History Of Malaysian Sign Language

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There are about 70 million deaf people who use sign language as their first language or mother tongue. It is also the first language and mother tongue to many hearing people and some deafblind people (tactile sign languages). Each country has one or sometimes two or more sign languages, although different sign languages can share the same linguistic roots in the same way as spoken languages do (WFD. Sign language is a language that involves the combinations of hand and body movements together with the facial expressions to communicate without sound (Sutton-Spence & Woll, 1999). Malaysian Sign Language was established in 1998 and was first introduced to Malaysia in the early 1960s by Mr. Tan Yap. Malaysian Sign Language (MSL) based on American Sign Language (ASL) but the two are considered different language.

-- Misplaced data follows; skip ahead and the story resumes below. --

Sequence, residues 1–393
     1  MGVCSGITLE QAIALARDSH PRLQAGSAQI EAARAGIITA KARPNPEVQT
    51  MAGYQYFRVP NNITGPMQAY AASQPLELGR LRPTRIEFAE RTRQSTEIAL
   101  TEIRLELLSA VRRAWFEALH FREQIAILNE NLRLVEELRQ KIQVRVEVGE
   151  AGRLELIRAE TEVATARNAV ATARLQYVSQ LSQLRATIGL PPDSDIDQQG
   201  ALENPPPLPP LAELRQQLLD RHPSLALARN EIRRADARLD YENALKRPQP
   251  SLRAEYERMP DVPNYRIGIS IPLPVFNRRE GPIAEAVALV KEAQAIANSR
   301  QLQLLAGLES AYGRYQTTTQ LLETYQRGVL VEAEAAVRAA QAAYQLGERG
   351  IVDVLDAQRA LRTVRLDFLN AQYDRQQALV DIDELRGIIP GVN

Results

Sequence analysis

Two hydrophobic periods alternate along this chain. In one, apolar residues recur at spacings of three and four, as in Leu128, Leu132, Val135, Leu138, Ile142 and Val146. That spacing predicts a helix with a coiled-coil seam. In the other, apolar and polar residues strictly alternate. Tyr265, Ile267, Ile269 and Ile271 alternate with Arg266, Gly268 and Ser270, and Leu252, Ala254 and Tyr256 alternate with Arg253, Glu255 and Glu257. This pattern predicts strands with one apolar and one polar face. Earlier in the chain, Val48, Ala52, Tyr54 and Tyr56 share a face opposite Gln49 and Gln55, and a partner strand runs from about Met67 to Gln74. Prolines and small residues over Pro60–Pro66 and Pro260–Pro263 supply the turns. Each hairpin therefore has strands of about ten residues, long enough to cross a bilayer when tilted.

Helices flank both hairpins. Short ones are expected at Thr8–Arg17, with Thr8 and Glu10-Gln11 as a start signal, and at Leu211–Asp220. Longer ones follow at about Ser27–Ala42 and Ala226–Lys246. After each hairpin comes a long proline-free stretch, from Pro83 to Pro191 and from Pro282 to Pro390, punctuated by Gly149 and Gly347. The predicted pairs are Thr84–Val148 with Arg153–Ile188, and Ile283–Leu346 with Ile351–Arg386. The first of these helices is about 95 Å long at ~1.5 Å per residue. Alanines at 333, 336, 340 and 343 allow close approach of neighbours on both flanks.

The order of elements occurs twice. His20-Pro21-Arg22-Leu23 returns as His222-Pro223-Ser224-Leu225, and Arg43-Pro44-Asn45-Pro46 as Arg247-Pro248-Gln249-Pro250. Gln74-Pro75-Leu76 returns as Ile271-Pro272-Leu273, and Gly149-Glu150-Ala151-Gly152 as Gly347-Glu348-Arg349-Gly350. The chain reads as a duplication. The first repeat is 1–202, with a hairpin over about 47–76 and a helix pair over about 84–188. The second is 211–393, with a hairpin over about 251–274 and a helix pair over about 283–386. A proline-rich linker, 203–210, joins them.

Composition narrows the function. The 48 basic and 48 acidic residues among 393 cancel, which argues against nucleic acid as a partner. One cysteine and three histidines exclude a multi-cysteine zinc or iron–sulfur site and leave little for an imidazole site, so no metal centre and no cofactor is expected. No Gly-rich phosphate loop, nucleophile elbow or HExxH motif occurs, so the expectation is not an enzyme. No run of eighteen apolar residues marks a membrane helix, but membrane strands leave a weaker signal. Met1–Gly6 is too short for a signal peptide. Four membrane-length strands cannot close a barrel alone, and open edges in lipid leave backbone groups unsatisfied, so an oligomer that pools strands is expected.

In Malaysia there are three sign language, namely Malaysian Sign Language or Kod Tangan Bahasa Malaysia (KTBM), Penang Sign Language, and Kuala Lumpur Sign Language. Between 1980 and 1986, Kod Tangan Bahasa Malaysia or Manually Coded Malay (KTBM) was created by hearing educators and linguists. KTBM is a sign language borrowed from ASL mixed with some local signs. Additionally, every parent of deaf children has own signs called home signs to make a gestural communication. The use of such home signs among peranakan or ethnic Chinese users of BIM may be behind controversy over the supposed influence of Chinese Sign Languages, which does not seem to be documented and may

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